, , , , , ,

One of the problems I often face when encountering some new enterprise product, ‘solution’ or technology is having to dig through a word salad of marketing speak to get a vague idea of what a vendor’s product actually does. This is especially true when it comes to learning how I’d be developing APIs and getting applications to work with an ‘Enterprise Service Bus’ in my new job.
The best literature on the Enterprise Service Bus relates to Apache Synapse. Almost all the other material on this is provided by vendors – the three main ‘solutions’ I’ve been looking at were JCAPS, Fiorano and InterSystems Ensemble, which are all heavily used for integrating clinical/medical applications here in the UK.

It’s easy to get a logical representation of what an ESB is roughly supposed to be. This example is from Fiorano’s documentation:

(Fiorano, 2015)

(Fiorano, 2015)

Obviously this is a logical representation of multiple services using a common channel to communicate, and the channel isn’t limited to any single message type. The applications themselves are coded in different programming languages.
But what exactly is being sent and received on the bus, and how are those messages formatted accordingly without heavily modifying API code? Is the ‘bus’ a cable, a server box, or what? What the hell is an ‘integration pattern’? What we do know is that an ESB is a) software-based, b) provides a common interface for independent services to communicate, and c) has something to do with APIs.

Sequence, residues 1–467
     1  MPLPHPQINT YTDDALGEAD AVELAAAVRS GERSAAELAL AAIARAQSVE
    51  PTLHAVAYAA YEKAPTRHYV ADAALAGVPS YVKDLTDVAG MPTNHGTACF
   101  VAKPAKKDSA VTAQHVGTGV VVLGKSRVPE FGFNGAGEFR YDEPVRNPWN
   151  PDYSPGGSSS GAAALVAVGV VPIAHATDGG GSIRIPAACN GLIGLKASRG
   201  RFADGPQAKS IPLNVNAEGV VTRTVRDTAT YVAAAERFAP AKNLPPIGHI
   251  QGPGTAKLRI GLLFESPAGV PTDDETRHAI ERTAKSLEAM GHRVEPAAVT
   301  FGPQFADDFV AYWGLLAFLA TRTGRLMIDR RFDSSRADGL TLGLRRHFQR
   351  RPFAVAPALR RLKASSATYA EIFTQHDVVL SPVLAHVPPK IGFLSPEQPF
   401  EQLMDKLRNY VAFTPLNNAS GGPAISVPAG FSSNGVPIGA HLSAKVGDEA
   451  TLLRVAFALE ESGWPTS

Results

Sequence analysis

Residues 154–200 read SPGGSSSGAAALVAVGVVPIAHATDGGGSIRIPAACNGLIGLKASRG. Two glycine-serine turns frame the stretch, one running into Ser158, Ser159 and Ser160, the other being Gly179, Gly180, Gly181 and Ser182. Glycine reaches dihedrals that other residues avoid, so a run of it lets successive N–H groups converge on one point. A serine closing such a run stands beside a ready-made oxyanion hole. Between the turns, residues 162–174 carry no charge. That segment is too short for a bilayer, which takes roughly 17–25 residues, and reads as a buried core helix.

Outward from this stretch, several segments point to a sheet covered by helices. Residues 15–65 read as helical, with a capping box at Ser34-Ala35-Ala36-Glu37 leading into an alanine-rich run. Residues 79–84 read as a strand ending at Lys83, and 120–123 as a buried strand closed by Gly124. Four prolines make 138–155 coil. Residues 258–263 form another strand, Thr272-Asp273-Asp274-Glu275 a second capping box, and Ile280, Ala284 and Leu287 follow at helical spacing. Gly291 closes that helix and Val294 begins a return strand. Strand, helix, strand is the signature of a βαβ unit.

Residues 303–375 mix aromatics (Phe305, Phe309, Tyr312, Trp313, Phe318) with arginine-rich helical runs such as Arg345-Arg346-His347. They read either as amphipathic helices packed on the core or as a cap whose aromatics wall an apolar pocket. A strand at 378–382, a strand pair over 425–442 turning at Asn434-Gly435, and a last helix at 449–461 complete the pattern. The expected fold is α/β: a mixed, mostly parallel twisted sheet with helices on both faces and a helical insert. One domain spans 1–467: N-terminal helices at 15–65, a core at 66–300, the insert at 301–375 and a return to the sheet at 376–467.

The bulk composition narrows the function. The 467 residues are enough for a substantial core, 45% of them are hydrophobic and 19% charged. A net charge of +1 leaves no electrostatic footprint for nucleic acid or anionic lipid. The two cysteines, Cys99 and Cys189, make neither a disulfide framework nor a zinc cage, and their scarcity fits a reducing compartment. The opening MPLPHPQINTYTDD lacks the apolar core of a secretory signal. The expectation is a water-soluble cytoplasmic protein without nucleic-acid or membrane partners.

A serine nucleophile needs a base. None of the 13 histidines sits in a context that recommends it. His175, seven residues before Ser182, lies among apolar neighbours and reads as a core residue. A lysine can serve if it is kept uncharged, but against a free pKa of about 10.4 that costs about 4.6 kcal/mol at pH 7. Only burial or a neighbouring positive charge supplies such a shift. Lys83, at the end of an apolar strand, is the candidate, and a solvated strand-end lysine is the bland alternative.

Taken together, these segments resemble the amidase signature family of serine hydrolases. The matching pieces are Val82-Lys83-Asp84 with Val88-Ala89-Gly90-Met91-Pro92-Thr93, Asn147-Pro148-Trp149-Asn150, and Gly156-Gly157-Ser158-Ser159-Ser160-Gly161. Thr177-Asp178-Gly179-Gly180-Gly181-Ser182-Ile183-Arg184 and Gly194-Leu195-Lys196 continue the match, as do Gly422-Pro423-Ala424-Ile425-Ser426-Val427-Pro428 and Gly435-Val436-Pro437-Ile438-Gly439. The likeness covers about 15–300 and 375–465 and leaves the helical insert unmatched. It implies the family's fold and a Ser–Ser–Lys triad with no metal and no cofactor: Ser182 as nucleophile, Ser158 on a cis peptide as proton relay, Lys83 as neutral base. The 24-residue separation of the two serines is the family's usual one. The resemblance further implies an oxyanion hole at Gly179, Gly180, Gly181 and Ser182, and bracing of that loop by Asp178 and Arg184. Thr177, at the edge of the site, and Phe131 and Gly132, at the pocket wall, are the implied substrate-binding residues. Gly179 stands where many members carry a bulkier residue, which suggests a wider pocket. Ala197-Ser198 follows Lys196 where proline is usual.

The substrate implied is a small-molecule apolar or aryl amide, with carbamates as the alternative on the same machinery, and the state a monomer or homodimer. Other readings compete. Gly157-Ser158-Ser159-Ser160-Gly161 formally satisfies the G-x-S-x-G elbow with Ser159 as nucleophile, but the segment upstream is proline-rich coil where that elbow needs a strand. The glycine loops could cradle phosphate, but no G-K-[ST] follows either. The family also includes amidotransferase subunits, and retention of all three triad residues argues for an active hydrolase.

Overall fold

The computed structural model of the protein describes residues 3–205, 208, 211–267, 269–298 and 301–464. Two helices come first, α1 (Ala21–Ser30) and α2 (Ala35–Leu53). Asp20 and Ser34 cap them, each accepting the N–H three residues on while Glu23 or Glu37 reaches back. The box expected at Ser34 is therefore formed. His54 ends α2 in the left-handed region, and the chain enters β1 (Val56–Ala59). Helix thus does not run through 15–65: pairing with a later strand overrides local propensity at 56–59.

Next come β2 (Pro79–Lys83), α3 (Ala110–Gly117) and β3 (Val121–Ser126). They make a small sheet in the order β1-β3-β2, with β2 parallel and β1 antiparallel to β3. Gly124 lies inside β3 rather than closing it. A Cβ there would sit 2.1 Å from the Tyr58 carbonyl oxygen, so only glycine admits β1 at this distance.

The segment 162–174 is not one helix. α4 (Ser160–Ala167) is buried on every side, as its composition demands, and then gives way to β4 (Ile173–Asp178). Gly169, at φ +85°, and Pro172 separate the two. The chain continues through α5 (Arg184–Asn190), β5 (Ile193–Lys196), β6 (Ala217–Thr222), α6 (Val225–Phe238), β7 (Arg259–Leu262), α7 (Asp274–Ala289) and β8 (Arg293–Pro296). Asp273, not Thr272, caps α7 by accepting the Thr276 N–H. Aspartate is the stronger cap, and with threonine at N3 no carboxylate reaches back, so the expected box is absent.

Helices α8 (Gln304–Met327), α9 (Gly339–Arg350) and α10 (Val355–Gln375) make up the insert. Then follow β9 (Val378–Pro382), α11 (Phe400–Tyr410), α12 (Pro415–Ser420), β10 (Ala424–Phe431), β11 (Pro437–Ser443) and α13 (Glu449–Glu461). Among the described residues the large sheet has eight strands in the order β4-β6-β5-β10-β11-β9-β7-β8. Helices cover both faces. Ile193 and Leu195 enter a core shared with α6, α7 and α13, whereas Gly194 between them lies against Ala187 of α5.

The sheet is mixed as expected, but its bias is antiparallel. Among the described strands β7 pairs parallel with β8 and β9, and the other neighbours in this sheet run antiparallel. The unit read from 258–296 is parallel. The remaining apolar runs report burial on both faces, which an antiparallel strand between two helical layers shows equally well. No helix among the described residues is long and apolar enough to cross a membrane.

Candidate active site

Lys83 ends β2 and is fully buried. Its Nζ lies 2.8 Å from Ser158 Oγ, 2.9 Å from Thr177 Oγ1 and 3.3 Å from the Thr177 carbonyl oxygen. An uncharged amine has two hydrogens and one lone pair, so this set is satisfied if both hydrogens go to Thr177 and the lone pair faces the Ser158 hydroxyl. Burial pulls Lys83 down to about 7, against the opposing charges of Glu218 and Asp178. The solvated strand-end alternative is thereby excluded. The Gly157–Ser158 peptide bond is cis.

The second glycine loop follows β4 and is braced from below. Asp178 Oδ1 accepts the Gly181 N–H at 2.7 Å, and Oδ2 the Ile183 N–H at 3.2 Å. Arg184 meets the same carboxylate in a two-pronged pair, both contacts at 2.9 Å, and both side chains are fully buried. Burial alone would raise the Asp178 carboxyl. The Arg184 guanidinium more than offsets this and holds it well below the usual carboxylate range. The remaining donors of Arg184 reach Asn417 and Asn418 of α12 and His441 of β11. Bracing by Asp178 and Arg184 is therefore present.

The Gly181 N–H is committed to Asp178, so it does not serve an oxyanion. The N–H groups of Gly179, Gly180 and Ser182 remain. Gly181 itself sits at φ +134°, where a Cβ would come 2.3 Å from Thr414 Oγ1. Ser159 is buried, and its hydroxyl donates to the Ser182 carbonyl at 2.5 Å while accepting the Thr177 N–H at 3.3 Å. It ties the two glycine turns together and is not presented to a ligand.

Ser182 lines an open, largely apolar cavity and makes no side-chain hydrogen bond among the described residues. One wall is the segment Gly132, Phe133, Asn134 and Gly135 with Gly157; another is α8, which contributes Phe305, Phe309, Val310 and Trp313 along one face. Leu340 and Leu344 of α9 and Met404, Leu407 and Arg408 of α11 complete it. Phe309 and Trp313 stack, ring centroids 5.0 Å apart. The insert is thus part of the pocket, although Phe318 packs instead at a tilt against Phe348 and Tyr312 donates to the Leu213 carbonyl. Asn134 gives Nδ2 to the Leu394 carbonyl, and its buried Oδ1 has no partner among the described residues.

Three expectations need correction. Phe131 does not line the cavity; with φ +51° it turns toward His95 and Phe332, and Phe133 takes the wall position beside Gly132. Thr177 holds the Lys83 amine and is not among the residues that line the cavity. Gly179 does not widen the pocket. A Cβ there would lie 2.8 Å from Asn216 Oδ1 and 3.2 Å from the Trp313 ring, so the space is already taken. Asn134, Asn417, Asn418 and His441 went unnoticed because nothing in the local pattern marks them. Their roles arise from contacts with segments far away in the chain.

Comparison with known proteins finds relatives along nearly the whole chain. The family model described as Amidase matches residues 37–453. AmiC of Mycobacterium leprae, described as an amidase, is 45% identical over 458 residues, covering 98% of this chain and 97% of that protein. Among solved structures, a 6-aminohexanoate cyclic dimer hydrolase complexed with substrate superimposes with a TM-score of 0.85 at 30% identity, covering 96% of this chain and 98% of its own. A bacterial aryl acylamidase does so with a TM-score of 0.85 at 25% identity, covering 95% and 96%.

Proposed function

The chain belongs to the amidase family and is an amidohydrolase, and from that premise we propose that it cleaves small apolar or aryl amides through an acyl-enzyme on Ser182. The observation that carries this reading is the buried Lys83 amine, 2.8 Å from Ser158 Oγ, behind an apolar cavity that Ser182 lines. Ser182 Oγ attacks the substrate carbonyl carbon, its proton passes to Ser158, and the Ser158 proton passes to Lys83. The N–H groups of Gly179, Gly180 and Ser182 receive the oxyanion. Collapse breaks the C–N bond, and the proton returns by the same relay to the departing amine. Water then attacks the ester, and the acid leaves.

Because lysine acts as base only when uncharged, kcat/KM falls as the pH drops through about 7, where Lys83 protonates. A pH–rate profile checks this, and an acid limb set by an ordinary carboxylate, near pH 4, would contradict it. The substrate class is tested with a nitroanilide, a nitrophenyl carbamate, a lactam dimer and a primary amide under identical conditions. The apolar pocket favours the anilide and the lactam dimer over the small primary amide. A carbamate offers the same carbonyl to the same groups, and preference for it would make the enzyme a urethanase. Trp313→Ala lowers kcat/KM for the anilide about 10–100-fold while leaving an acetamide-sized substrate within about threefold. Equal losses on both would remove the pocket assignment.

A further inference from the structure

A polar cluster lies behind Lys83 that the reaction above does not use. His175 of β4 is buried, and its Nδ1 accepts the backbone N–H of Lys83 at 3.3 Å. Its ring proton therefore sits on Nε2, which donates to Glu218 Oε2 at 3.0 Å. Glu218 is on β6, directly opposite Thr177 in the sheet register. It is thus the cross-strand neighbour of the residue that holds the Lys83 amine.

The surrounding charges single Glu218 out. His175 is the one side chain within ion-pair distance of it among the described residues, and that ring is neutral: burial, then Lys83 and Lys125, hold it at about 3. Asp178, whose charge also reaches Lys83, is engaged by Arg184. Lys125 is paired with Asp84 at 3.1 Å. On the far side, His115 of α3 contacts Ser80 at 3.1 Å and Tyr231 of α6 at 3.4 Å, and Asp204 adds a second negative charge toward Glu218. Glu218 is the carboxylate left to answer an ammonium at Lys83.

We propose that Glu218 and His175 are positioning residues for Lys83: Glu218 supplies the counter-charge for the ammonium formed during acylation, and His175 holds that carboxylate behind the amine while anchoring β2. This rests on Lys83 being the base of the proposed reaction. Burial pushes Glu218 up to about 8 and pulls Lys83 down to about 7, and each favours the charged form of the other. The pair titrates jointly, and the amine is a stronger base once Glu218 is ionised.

Let’s look at Apache Synapse as an example:

(Apache Synapse, 2012)

(Apache Synapse, 2012)

To the left of the diagram there is a ‘Transport’ component, which appears to have interfaces listening for the various message types, and might have something that determines what to extract from each message prior to it reaching the Message Builder or Message Formatter. The Builder and Formatter, I’m guessing, reformats the data extracted from the original messages. The QoS component handles the routing and prioritisation, based on the TCP headers of the message.
Finally, in the Mediation Engine, which appears to perform the bulk of the message processing. Within the Mediation Engine, there are ‘Mediators’, each of which is described in the Synapse user guide as a ‘processing unit’ that performs a specific action on a message. Examples of what a Mediator could do include:
* Drop message
* Log message
* Send message to endpoint
* Rule-based filtering
* Modify URLs within message

Mediators can be chained to perform a sequence of these operations.

The important point about Synapse, and perhaps all the other ESB ‘solutions’ is that it runs on a physical machine, as a server on the network that listens for incoming messages, relays the messages to another process and sends the result back out to whichever service. Logically we have a message bus, but physically it’s pretty much a proxy server.

Thing is, I’m not sure why an enterprise network would require an ESB in the first place, or why it would be appropriate to have one. If we have several applications that need to communicate, why not simply do that through API or stored procedure calls? Adding yet another layer to this seems pretty redundant.